The Cass County Sun (Linden, Tex.), Vol. 57, No. 46, Ed. 1 Tuesday, November 15, 1932 Page: 3 of 8
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THE CAS8 COUNTY SUN
Fable of Link's One
By GEORGE ADE
(©. B«U Syndicate.)—WNU Servlcn.
ONCE there was an Inilutttrlal
Slave whose Name did not ap
pear In the History of his Own
Times, tie cut no, let except
that he added a Grand Total of 1 to
the Census Total. He was Just an
other I'assenger on the Trolley and
another l'ny Knvelope on Saturday
night and another Vote to he rounded
up by the Precinct Captain. He was
known to the Folks living Next Door
and the Foreman remembered him
from one Week to another and that
Is as far us his Fame ever spread. He
wore Overalls and carried a Lunch
Pall wit'i a Cup inverted on the Top#
and pulled at a stubby Dudeen* which
was about all of the Biographical De-
tails available. Except that, being a
Namesake of the great martyred I'res
ldent, he was commonly know as Link.
Nothing ever happened to him until
he died and then he received as much
worshipful Attention as ever was ex-
pended on a Crowned Head. He may
have been a Mutt while he was breath-
ing but the Moment he became cold
he was a Prominent Citizen.
When he joined the Majority the be-
reaved Helpmate consulted the Bank
Book, which showed a stingy Balance
of $534. There was an unpaid Bal
ance on the House and a Doctor Bill.
Germany was well off as compared
with Link's Family. However, a Sick
Benefit had accrued from the Union.
So the poor bereaved Widow began
to make arrangements for the Obse-
quies. She took all she had In sight
and went Into Debt as far as they
would let her go and gave his Nobs
one Whale of a Fare-Ye-well.
While Link was here He and the
Missus used to go to the Mat about
once so often. In fact, they averaged
about three Armageddons a Day, with
the Issue always in doubt, but the Mo-
ment he cashed in, she remembered
him as a Male Turtle Dove who did
nothing but Coo.
He was a Tough Bird while he had
his Health but the Minute he breathed
his Last he was Snow White.
Alive and Kicking: Dead—Can't Kick.
As soon as they began making the
Arrangements it occurred to her that
they did not have, in the principal
high-priced, aristocratic Cemetery, a
Lot which was In keeping with the
Social Prominence and Imminent Vir-
tues of tin Deceased.
So she sent for one of the Trustees
of the Graveyard and he let her have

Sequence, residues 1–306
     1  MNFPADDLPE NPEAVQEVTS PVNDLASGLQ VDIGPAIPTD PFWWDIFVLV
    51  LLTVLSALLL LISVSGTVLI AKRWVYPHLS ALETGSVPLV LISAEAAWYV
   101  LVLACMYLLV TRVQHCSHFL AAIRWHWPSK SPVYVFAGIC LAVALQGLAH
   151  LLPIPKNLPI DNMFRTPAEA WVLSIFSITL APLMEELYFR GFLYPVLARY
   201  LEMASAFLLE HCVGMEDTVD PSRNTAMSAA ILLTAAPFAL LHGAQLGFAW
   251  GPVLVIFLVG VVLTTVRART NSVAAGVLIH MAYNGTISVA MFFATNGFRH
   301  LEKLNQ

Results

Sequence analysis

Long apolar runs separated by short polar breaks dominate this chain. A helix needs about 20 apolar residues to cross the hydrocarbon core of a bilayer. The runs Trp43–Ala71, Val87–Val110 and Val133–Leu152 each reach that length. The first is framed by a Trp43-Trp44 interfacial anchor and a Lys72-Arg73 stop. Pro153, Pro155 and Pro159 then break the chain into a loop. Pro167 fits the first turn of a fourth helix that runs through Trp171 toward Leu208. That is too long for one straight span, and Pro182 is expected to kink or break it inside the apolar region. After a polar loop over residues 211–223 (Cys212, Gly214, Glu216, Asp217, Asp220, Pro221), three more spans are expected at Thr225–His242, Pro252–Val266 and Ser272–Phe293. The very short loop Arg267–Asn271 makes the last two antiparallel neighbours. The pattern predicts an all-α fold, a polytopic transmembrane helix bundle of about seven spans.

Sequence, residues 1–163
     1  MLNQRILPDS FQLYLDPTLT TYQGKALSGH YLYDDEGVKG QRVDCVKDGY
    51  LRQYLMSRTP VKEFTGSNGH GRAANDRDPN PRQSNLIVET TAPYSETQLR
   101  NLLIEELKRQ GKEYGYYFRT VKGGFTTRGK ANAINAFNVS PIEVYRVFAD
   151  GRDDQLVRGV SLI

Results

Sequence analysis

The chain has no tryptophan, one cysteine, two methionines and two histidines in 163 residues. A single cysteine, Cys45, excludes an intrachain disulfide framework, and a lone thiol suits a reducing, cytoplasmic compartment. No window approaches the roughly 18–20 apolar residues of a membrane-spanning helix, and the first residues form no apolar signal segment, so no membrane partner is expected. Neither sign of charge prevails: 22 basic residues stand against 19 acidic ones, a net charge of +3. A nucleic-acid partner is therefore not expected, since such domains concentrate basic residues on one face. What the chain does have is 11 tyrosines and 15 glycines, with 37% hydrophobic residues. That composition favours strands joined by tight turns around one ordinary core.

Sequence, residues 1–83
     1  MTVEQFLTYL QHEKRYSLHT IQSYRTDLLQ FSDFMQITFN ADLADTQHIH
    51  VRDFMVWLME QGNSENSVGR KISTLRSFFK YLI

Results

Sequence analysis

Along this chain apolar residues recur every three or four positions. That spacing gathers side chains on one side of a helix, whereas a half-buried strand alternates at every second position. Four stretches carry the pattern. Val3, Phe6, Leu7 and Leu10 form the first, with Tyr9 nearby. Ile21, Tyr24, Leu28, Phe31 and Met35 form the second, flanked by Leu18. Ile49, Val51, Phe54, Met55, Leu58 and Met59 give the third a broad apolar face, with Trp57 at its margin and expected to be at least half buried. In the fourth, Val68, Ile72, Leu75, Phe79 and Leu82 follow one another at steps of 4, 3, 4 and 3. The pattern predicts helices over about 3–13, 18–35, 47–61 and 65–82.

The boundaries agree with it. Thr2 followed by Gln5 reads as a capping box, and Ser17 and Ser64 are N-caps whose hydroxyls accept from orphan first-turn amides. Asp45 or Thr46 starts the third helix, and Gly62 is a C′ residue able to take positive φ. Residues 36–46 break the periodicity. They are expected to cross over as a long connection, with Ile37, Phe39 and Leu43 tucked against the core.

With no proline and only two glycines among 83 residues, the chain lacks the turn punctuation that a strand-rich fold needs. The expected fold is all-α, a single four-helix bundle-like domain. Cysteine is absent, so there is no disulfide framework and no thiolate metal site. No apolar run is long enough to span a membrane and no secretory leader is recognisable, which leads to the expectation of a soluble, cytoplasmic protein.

a small Tract of Ground on a High
Spot, commanding a good view, and
all he charged her was about four
times what she would pay for lund at
the corner of Fifth Avenue and 42nd
After that she called In the Under-
taker, who is a great help on such
Occasions. He had a very beautiful
Catalogue showing the different kinds
of Caskets which might be purchased,
lie showed her some of the cheap ones
but he very frankly admitted that
possibly some of the Wood had Worm
Holes in it and the Handles were not
Sterling Silver, and, although he didn't
«uut io iiiiiueiice her in any way, he
suggested that she could not get any-
thing which would be worthy of the
Dear Departed unless she picked out
something in the Back Part of the
The Widow must have been in a
very Sentimental Mood when she
picked out the Metal Casket that let
down In front, the same as a Kitchen
Cabinet. It had a lot of Puffed Satin
and was guaranteed to stand up and
remain In Good Condition for n great
many Years, which didn't make any
Difference, but the Widow fell for it
just the same. She wanted Link to
have the Best of everything.
While he was alive, she would hol-
ler until you could hear her a Block
away If he bought a Collar Button
that cost as much as HO Cents, but now
that he was gone and had become one
of the Angels, let us hope, she couldn't
think of anything too Kecherche for
him. So she ordered the kind of Cof-
fin which Is favored by New York
Millionaires and when she heard the
Price was Fight Hundred Dollars she
wasn't feazed a trifle.
Then the Undertaker took up with
her the Important Matter of how they
should attire Link before spreading
him out. He said that the neatest and
niftiest and slickest Costume for a
Gentleman of Standing was a Tuxedo
with Pearl Studs and Patent Leather
Dancing Pumps. Than which nothing
could have been more appropriate for
Soprano Tried for Distance.
lie not only never had worn a Lew
Cody outfit but he never had seen one.
What is more. It would iinve required
n Posse of very determined Men to
get Link Into a Tuxedo but, of course,
they had him counted out and lylnti
Horizontal and the Widow was having
her own Way. so she ordered, at a very